Constantius III, 421. Solidus (Gold, 21 mm, 4.43 g, 7 h), Ravenna, 8 February-2 September 421. D N CONSTAN-TIVS P F AVG Laurel-and-rosette-diademed, draped and cuirassed bust of Constantius II to right. Rev. VICTORI-A AVGGG / R - V / COMOB Honorius standing front, head to right, holding vexillum in his right hand and Victory on globe in his left and placing his left foot on captive below. Depeyrot 7/4. RIC 1325. Extremely rare and with an illustrious pedigree. A beautiful and well struck example of this important issue. Good very fine.
From an old Swiss collection, formed in the 1970s, and that of Dr. F. Sternberg, Sternberg I, 30 November-1 December 1973, 487, from the collections of A. Voirol, Münzen & Medaillen 38, 6-7 December 1968, 650, H. Platt Hall, Part II, Glendining & Co., 16 November 1950, 2087 and E. Bizot, Sotheby, Wilkinson & Hodge, 19 November 1902, 398.
Flavius Constantius was a former officer of the magister militum Stilicho († 408), whose star rose as a consequence of the disastrous situation of the western empire after the Crossing of the Rhine on 31 December 406 (or 405), the usurpation of Constantine III in 407 and the Sack of Rome by Alarich on 24 August 410. In these desperate times, it was Constantius' military brilliance that initiated a wondrous revival of Roman might: as magister utriusque militiae ('master of both forces', i.e. commander of both the infantry and cavalry), he first defeated Constantine III in 411 (see above, lot 1843) and then expelled Alaric from Italy in 412. A year later, he overcame and killed his Roman rival, the comes africae Heraclianus, before successfully campaigning against the Visigoths in Spain and Gaul in 415-416, thus ensuring the release of Honorius' half-sister Galla Placidia from Gothic captivity. Once the brilliant general gradually gained back control over large parts of the western empire, his stellar ascent knew no limits: in 417, Constantius married Galla Placidia and became the brother-in-law of Honorius, who was merely a puppet in his hands and proclaimed him to his co-emperor on 8 February 421. Within a decade, Constantius had raised the western empire from the dead, married into the Theodosian dynasty and become the true power holder in Ravenna. However, on 2 September 421, the great general suddenly died of an illness, allegedly amidst preparations for war against Theodosius II, as the eastern emperor had declined recognition of Constantius' elevation to the rank of Augustus. The unexpected demise of Constantius has been termed by some modern historians the beginning of the end of the Western Roman Empire, as none of its later magistri militum would turn out to be nearly as successful. However, the dark prospect of another disastrous civil war looming on the horizon casts doubt on whether Constantius III would really have been able to stem the tide for the Western Roman Empire, as clashes with the Theodosian dynasty seemed unavoidable.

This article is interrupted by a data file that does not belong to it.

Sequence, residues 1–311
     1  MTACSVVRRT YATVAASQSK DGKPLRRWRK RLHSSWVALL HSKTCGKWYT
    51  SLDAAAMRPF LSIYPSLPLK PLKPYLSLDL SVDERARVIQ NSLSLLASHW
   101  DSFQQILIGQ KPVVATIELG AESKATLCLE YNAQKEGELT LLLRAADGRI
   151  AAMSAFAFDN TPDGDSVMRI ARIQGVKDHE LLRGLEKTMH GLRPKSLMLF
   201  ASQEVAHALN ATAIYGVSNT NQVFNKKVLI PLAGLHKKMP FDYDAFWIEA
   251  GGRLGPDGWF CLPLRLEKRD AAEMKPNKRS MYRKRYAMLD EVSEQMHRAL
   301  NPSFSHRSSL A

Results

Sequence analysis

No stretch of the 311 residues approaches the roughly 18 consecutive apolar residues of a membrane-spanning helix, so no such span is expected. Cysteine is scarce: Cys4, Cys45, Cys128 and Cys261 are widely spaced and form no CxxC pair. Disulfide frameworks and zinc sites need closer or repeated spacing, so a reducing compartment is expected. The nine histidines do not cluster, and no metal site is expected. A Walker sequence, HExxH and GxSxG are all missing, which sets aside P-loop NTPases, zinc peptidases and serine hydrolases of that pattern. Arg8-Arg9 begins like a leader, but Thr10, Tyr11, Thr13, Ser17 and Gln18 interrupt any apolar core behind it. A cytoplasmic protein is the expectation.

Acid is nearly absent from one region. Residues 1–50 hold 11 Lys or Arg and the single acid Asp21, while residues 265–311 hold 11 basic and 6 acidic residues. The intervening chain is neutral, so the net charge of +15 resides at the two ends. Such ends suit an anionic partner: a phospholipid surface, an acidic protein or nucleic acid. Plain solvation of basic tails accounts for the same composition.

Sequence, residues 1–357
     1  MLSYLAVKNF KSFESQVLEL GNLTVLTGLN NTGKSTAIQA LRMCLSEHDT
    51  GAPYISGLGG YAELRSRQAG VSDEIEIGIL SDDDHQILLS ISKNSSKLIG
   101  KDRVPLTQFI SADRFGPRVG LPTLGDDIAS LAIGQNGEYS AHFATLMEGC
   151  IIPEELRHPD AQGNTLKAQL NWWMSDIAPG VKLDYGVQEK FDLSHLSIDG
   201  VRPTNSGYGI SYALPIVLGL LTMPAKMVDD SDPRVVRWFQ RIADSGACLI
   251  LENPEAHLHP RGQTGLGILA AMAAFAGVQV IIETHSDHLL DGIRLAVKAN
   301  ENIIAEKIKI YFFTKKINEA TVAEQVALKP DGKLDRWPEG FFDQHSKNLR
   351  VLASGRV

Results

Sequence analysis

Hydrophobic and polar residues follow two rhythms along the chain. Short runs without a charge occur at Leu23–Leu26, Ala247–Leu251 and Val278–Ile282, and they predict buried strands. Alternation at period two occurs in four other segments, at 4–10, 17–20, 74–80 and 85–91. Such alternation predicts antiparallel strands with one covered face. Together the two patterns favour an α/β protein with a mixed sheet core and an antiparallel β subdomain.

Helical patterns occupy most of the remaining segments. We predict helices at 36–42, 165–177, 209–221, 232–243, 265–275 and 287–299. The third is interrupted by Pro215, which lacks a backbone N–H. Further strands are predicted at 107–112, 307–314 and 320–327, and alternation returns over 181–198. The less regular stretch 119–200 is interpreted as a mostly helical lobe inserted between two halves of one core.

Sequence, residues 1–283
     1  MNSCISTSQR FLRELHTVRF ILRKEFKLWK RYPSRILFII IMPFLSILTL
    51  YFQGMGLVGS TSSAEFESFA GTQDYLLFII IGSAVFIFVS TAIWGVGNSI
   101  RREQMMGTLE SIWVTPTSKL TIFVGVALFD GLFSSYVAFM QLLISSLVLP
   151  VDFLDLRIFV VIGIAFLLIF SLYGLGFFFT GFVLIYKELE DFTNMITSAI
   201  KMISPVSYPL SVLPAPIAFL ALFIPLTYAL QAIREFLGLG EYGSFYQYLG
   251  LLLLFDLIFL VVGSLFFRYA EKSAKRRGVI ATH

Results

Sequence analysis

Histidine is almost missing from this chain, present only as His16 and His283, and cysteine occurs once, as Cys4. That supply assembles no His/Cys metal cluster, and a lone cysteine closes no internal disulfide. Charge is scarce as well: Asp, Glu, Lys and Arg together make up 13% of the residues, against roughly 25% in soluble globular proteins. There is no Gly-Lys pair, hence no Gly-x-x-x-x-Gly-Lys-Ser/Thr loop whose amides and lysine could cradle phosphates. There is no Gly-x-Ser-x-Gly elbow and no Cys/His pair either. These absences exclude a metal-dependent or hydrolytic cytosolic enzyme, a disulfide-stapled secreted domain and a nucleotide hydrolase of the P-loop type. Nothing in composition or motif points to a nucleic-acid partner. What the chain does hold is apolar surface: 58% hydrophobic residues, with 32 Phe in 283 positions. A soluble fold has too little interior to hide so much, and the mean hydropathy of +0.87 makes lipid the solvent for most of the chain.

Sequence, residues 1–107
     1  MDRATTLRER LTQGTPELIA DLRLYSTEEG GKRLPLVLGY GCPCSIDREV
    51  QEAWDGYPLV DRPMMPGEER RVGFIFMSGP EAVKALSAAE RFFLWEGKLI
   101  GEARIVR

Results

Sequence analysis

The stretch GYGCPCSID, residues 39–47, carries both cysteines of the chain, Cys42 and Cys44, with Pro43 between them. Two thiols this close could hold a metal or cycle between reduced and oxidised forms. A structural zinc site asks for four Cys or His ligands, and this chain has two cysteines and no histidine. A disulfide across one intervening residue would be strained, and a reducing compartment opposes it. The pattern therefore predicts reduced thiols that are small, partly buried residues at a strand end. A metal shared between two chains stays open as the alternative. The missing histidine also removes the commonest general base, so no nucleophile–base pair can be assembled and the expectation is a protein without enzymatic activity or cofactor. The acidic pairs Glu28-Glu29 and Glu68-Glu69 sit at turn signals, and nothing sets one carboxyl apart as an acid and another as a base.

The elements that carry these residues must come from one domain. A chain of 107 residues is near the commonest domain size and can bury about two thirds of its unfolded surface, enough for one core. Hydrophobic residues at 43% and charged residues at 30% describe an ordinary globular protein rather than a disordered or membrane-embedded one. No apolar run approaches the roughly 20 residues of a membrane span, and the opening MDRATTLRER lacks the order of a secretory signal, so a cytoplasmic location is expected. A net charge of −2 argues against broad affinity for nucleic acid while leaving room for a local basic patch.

|Price realized||30'000 CHF|
|Starting price||16'000 CHF|